Australian Department of Defence press release
The signing of the Exchange of Naval Nuclear Propulsion Information Agreement (the Agreement) with our AUKUS partners – the United Kingdom and the United States – is another important step in Australia’s pursuit of conventionally armed, nuclear-powered submarines.
Minister for Defence the Hon Peter Dutton MP said the Agreement will further advance consultations by permitting the United Kingdom and the United States to exchange sensitive and classified naval nuclear propulsion information with a third country for the first time.
Minister Dutton said:
“This Agreement will support Australia in completing the 18 months of intensive and comprehensive examination of the requirements underpinning the delivery of nuclear-powered submarines.
The United Kingdom and the United States will be able to share naval nuclear propulsion information with Australia, which they cannot with any other country, in the determination of the optimal pathway to acquire nuclear-powered submarines for operation by the Royal Australian Navy.
With access to the information this Agreement delivers, coupled with the decades of naval nuclear-powered experience our UK and US partners have, Australia will also be positioned to be responsible and reliable stewards of this technology.”
The Agreement will also provide a mechanism for Australian personnel to access invaluable training and education from their UK and US counterparts, necessary for learning how to safely and effectively build, operate and support nuclear-powered submarines.
Importantly, the Agreement is consistent with Australia’s international obligations, including under the Treaty on the Non-Proliferation of Nuclear Weapons.
Australia is not seeking nuclear weapons. The submarines will be conventionally armed. The Agreement only allows for the sharing of naval nuclear propulsion information. No nuclear equipment can be transferred under this agreement.
Minister Dutton also highlighted the importance of the Agreement for Australia’s regulatory framework.
“This Agreement will assist Australia to develop the necessary skills and knowledge to create a world-class regulatory and safety regime required for the safe operation of naval nuclear propulsion,” Minister Dutton said.
“I thank our AUKUS partners for their commitment to bringing this pivotal agreement together quickly which assures continued progress for our nuclear-powered submarine ambitions and our collective efforts to ensure the Indo-Pacific remains stable, secure and prosperous, and free from coercion.”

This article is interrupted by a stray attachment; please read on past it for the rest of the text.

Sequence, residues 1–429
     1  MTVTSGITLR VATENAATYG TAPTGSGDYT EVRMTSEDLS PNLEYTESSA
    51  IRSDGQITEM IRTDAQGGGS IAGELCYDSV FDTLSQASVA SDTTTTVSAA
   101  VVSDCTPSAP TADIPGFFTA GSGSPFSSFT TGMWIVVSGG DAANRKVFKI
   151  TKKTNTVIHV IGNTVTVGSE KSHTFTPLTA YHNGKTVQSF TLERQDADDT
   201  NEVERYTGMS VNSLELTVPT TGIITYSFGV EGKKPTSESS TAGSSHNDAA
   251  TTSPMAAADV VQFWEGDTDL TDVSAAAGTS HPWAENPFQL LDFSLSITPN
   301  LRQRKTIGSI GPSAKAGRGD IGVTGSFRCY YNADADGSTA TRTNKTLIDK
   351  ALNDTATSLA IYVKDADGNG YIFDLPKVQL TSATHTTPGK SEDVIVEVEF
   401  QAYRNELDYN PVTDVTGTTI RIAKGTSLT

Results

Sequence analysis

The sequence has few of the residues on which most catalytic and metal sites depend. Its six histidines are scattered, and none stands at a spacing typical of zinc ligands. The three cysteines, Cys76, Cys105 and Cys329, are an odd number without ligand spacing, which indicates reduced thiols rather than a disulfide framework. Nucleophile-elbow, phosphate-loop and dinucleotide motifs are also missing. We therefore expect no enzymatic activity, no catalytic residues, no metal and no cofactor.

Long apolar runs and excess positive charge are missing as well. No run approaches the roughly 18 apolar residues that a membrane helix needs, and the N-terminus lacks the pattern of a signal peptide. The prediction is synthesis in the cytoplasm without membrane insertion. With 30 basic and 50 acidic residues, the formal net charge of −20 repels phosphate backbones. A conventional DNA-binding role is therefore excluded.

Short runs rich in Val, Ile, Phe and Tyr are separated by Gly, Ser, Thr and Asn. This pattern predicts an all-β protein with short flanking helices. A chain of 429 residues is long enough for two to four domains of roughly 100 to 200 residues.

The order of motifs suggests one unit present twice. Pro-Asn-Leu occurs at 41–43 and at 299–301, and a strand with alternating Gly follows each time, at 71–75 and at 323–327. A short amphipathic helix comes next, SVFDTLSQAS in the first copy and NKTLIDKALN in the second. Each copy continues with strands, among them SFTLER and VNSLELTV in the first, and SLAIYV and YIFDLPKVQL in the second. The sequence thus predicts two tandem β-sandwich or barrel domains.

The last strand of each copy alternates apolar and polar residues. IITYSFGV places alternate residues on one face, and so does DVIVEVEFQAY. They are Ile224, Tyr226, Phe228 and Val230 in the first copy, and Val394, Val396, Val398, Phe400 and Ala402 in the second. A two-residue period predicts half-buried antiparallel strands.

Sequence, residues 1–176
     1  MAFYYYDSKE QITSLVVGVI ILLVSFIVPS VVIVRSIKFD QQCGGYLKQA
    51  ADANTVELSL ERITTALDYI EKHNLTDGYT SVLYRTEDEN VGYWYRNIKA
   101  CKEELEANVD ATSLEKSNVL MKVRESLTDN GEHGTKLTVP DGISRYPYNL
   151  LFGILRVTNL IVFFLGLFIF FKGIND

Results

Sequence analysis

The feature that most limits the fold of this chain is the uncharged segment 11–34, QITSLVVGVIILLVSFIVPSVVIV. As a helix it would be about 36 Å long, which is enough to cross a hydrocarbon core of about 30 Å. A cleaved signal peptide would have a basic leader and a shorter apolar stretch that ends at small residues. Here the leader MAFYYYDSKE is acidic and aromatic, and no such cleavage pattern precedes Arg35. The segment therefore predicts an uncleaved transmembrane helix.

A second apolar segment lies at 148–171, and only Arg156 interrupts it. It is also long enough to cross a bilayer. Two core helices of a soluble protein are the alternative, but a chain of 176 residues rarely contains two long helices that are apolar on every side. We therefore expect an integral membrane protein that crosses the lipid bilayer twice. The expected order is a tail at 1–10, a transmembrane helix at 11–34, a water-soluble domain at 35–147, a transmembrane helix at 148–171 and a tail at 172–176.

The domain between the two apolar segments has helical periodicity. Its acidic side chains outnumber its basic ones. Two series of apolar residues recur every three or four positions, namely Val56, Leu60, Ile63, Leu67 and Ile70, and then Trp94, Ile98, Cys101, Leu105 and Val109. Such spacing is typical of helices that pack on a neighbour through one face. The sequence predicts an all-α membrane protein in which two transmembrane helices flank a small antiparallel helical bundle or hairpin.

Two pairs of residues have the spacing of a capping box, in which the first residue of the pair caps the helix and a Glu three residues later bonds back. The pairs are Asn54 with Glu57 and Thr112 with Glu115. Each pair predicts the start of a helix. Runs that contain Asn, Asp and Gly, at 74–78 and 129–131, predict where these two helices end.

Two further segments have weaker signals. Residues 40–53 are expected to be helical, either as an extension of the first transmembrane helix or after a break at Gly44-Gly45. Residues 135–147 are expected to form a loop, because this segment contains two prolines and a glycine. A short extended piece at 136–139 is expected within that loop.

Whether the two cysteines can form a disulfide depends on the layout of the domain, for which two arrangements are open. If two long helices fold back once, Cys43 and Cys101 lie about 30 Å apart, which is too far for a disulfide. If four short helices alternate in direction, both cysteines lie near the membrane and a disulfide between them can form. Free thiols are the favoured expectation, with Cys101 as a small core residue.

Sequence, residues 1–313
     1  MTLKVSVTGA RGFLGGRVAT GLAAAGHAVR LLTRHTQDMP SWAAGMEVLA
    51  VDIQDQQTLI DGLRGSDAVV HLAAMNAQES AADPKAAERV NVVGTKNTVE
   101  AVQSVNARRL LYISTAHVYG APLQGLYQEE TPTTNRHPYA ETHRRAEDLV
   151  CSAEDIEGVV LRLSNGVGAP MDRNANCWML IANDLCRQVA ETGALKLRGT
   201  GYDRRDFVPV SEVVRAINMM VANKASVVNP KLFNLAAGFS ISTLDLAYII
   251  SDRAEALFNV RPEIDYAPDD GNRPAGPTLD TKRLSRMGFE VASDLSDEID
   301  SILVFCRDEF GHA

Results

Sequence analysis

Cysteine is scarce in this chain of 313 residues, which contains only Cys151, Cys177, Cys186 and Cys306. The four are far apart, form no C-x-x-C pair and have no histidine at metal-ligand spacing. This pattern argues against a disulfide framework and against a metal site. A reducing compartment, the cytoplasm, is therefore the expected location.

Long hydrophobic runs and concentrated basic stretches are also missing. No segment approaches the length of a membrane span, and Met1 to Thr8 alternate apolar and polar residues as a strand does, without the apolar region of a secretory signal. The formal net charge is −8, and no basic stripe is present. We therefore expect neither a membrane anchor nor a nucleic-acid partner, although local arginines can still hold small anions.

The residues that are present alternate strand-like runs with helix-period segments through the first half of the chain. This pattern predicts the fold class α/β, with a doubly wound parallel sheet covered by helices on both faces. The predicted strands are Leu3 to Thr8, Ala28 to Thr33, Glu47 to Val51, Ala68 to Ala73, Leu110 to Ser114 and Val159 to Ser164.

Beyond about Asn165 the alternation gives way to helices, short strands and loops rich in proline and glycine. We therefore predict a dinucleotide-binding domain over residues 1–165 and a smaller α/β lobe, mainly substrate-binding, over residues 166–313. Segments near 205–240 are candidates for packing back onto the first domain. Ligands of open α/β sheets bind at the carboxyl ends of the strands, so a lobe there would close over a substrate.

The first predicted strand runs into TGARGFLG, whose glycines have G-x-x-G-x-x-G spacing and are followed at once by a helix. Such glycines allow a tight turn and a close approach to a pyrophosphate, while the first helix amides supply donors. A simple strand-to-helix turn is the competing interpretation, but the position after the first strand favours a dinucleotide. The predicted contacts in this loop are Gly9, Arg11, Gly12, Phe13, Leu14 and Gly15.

The Agreement was today tabled in the Australian Parliament for consideration by the Joint Standing Committee on Treaties. The Agreement is also subject to the domestic processes of the United States and the United Kingdom.
Naval News comments:
On 16 September 2021, the Prime Minister of Australia, the Prime Minister of the United Kingdom and the President of the United States of America, announced an enhanced trilateral security partnership between Australia, the UK and the US (AUKUS). As announced at the time, the first major initiative under AUKUS is Australia’s acquisition of at least eight nuclear-powered submarines. The Australian Government intends to build these submarines in Adelaide. This announcement meant the Australian Government will no longer be proceeding with the Attack Class Submarine Program. The decision angered France who was deeply involved in the program, with French shipbuilder Naval Group designing the boats. France also had a strategic partnership agreement in place with Australia. At the end of September, the tension between the four allies was such that Paris had recalled its ambassadors in Australia and the United States. While relations with the United States have since been normalized, those with Australia remain complicated.
It is still unclear which SSN design Australia will adopt. Our contributor H I Sutton looked at several options in this recent article: